To comment on or like this story, go to facebook.com/kaucalendar.  

KA`U RESIDENT DICK HERSHBERGER brings Hawaiian Volcano Observatory founder Thomas Jaggar to life Tuesday during A Walk into the Past at 10 a.m., 12 p.m. and 2 p.m. Participants meet at Hawai`i Volcanoes National Park’s Kilauea Visitor Center and then visit the Whitney Vault near Volcano House.

HAWAI`I VOLCANOES NATIONAL PARK waives entry fees on Veterans Day this Tuesday.
      In conjunction with HVNP’s Fee-Free Day, all park visitors are invited to experience how Kilauea Military Camp supports America’s troops by utilizing any of KMC’s facilities and services. 
      KMC’s Veteran’s Day Ceremony begins at 3 p.m. on the front lawn. Keynote Speaker is BG James Carpenter, of Hilo. Guest speaker is Master Sgt. Brian Jordan, also of Hilo. Refreshments follow the ceremony, which is free and open to the public. For more information about the ceremony, call 967-8371.
Caring for seedlings planted at Mauna Loa strip continues
Friday. Photo from FHVNP
      A Veteran’s Day Buffet follows at 4 p.m. at KMC’s Crater Rim Café with prime rib, baked ono, shrimp Alfredo with mushrooms, French onion soup, tossed salad and more. Cost for adults is $25.95 and for children 6 to 11 years old, $12.50. For more information about the buffet, call 967-8356.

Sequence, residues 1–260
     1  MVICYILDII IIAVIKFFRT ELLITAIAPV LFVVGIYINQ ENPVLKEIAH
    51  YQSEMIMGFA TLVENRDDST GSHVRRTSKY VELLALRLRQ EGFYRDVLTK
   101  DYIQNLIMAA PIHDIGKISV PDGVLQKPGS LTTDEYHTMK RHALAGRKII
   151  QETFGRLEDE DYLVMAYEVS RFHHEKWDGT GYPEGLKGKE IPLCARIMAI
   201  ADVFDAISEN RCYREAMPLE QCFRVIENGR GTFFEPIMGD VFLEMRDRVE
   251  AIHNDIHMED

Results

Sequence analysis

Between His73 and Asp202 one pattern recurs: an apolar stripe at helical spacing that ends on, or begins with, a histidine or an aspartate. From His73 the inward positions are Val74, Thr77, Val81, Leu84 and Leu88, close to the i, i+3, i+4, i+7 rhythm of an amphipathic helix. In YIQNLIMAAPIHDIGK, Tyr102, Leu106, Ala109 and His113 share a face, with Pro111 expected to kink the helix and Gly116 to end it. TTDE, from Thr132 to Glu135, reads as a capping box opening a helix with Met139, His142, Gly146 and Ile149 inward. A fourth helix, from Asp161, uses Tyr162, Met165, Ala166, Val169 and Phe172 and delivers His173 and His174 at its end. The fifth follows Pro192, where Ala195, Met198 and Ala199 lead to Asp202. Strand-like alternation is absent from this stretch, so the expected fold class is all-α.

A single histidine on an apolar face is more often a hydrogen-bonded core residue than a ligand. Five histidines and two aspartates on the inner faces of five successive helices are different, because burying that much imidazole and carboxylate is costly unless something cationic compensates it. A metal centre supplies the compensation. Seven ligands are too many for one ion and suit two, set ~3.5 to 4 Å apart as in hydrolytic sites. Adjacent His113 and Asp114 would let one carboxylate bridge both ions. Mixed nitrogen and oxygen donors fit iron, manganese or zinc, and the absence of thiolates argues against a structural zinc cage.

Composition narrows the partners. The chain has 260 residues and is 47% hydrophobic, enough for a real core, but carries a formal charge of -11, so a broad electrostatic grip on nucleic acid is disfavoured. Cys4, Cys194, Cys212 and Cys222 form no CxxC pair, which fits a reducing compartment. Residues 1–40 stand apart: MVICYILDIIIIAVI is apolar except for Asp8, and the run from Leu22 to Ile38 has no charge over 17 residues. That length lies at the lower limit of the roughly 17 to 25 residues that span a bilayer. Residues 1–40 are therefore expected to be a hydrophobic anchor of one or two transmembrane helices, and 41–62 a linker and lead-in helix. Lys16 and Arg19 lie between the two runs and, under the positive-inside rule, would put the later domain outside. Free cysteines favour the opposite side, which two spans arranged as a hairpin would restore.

KA`U RESIDENTS WANTING TO PARTICIPATE in Friends of Hawai`i Volcanoes National Park’s Forest Restoration Project on Friday Nov. 14 from 8:30 a.m. to 1 p.m. should register before Tuesday, Nov. 11. Volunteers clear invasive weeds around native seedlings on the Mauna Loa Strip. Register at 985-7373 or forest@fhvnp.org.

HAWAI`I WILDLIFE FUND HOSTS a Ka`u Coast Cleanup Saturday, Nov. 15. Volunteers meet at 7:45 a.m. at Wai`ohinu Park to carpool and caravan to the site. Sign up with Megan Lamson at 769-7629 or kahakai.cleanups@gmail.com.
      HWF is one of five nonprofit organizations chosen by Subaru for their annual Share the Love campaign. Facebook users are asked to go to the Subaru Hawai`i page daily and vote for HWF. 
      “We will use funds to protect native wildlife,” Lamson said.


See kaucalendar.com/Directory2014.swf.